Major clashes with the police has taken place in Mexico City as the government attempted to repress some of the encampments set up by the PRD and its supporters. A major confrontation could easily still develop if Calderón is sworn in as president.
At the same time the more radical turn of AMLO is provoking some division in the radical capitalist nationalist PRD. Some more middle class elements are fearful things could get out of control and want a more moderate stance which in reality means accepting the stolen election result stands. According to some reports these developments have also begun to open a debate about forming a new left-wing party to replace the PRD which includes sections of the corrupt PRI bureaucrats which come over to the PRD.
However, the more radical declarations by AMLO are not enough to beat this fraud. He has spoken of a campaign lasting years to fight the result. The mobilisations already undertaken although welcome need to go much further with a clear strategy. Democratically elected committees need to be formed in all workplaces, universities, workers districts. These need to be linked up on a district, city-wide, state and national level. The massive protests of over one million which have already taken place during this battle indicate the support potential strength of the movement. A date should set not only for a national demonstration but the calling of a general strike to defeat this massive fraud.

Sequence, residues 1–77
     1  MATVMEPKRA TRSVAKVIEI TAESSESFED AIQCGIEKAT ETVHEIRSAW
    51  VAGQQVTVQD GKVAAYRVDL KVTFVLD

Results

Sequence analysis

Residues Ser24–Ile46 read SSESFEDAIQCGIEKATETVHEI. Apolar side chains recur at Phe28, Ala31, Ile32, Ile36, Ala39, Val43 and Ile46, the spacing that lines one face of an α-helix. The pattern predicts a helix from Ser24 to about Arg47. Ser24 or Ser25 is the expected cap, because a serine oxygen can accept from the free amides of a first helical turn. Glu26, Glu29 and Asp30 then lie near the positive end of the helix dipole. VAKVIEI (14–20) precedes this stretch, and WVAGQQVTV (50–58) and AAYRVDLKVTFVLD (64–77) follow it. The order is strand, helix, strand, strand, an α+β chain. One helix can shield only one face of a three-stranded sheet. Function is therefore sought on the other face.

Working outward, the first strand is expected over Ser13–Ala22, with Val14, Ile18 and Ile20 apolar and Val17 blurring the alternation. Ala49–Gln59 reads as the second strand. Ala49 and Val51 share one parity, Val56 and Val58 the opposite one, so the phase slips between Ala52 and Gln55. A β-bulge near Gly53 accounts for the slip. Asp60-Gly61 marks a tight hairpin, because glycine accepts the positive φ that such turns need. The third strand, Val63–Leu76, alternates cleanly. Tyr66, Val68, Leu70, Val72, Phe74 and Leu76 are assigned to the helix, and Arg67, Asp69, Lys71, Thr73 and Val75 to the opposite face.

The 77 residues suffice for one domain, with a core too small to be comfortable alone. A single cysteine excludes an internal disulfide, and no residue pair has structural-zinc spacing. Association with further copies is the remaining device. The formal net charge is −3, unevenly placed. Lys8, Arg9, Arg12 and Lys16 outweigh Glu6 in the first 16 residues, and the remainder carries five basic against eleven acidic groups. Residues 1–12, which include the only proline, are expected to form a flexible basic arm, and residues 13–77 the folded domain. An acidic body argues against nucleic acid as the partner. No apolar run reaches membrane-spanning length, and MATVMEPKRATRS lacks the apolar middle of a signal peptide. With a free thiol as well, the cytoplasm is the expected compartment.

This needs also to be linked to the steps for the workers and poor peasants from this movement begin to build a real party for the workers and peasants and all those exploited by capitalism and who wish to fight to overthrow capitalism and establish a workers and peasants government with a revolutionary socialist programme.
However, this election battle is resolved in the short term a new chapter has opened in the struggle of the Mexican masses. A new phase of struggle in Mexico, on the border with US imperialism is certain to major repercussion in the USA and also in the rest of Latin America. It is unfolding as Bush faces a crash in his support at home and with the massive mobilisation of the Hispanic population demanding their rights.
These developments in Mexico represent a further upsurge of the struggle against neo-liberalism that is taking place throughout Latin America and which poses the need for a revolutionary socialist programme, party and organisation to overthrow capitalism and establish a Democratic Socialist Federation of Latin America.